Warner Bros. Is Sticking to Theatres in 2022

Warner Bros. Is Sticking to Theatres in 2022
Screenshot: Warner Bros.

While filmmakers like Denis Villeneuve hated it, for those of us who spent 2021 not particularly keen on visiting the outside world, Warner Bros.’ decision to release all of its 2021 cinematic offerings in theatres and on HBO Max simultaneously has been a delight. The operative words here are “has been,” because at the moment, WB has no plans to do the same in 2022.

According to The Hollywood Reporter, Warner Bros. CEO Ann Sarnoff announced the company’s myriad movies will be initially only released in theatres, no matter what’s going on with the pandemic, at a Bloomsberg conference earlier today: “Have we thought about going back to day and date? Sure, we thought about it, but we have made our commitments to the theatres [and] the agents [and] the talent,” said the CEO. “Everyone was hoping we would be on the other side of the pandemic by now.”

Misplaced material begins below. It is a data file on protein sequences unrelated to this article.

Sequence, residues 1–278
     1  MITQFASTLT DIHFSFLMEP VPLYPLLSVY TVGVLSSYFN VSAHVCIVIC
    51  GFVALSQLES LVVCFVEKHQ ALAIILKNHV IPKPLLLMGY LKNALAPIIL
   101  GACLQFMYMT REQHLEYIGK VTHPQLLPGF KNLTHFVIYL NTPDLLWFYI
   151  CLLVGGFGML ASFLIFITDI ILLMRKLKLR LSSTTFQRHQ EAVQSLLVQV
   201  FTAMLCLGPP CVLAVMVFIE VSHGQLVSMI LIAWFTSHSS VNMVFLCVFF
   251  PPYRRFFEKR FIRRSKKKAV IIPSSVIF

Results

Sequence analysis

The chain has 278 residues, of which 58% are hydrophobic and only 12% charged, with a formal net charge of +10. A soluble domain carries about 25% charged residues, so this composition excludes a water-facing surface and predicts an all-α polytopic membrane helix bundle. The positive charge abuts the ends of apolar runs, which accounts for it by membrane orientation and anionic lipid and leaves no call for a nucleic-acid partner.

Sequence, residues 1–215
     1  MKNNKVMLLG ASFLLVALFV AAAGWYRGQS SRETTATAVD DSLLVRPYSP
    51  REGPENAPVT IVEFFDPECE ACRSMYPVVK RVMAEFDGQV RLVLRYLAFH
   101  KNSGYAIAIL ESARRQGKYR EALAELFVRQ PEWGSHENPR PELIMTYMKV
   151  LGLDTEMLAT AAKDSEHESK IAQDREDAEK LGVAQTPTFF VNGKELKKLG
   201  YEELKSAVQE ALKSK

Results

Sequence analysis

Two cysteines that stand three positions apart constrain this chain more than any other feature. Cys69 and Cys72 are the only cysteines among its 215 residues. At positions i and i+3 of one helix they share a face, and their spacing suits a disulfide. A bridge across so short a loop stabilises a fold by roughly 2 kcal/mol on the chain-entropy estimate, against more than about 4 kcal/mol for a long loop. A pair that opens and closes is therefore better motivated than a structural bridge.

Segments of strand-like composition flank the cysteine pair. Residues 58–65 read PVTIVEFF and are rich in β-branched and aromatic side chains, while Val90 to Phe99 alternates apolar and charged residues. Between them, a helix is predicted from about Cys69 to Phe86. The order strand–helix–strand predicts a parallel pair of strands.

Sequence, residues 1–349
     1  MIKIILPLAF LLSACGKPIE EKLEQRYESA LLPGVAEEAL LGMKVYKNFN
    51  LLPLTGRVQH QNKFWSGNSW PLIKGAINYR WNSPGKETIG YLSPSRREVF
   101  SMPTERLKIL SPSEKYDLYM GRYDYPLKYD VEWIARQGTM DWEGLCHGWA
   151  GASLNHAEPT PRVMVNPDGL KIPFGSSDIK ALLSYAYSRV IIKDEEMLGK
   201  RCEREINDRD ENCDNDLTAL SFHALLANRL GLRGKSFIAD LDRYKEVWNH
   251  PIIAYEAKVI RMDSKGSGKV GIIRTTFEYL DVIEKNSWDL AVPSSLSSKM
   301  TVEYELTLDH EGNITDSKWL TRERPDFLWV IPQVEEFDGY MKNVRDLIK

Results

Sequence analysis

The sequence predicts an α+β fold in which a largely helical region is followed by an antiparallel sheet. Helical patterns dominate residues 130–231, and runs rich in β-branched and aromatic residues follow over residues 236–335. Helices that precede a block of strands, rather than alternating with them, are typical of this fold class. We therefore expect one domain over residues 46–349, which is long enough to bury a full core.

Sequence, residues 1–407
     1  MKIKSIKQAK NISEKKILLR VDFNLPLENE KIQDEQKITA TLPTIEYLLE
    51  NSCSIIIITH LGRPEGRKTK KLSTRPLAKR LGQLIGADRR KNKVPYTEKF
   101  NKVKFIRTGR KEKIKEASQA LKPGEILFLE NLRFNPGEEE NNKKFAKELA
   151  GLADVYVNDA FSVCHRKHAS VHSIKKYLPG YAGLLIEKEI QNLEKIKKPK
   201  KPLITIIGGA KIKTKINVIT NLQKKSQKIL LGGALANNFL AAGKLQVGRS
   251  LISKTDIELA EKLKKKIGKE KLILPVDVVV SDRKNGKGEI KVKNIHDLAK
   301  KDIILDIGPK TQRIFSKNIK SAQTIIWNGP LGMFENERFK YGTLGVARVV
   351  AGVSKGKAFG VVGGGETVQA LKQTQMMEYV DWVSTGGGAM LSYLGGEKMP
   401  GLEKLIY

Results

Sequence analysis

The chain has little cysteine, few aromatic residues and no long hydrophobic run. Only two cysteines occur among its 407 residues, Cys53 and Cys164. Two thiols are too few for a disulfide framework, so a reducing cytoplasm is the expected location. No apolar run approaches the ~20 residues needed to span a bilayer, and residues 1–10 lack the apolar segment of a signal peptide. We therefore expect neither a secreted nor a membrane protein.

Me too, Ann! But we’ve very much not on the other side, not least because it’s been blocked off by a viral bully named the omicron variant. Still, if WB signed contracts promising a theatrical-only release and tried to renege on the deal, they’d be inviting the sort of lawsuits that Scarlett Johansson slapped on Disney when the company decided to release Black Widow on the Disney+ streaming service alongside theatres, which increased subscribers at the cost of cannibalising ticket sales — and the money Johansson would have made with a theatrical only release.

All of this means I’m not going to be watching a lot of movies I would have happily (and safely) seen in my home. Next year’s WB movie slate includes The Batman, The Flash, the Aquaman sequel, Black Adam, and DC League of Super-Pets, just to name the DC superhero films. The studio’s other nerdy movies due next year include the Salem’s Lot remake and a certain film from a thoroughly un-Fantastic TERF.

Of course, Warner Bros. can always change its mind, and it may well be forced to, depending on how the pandemic continues to not end. We’ll see.

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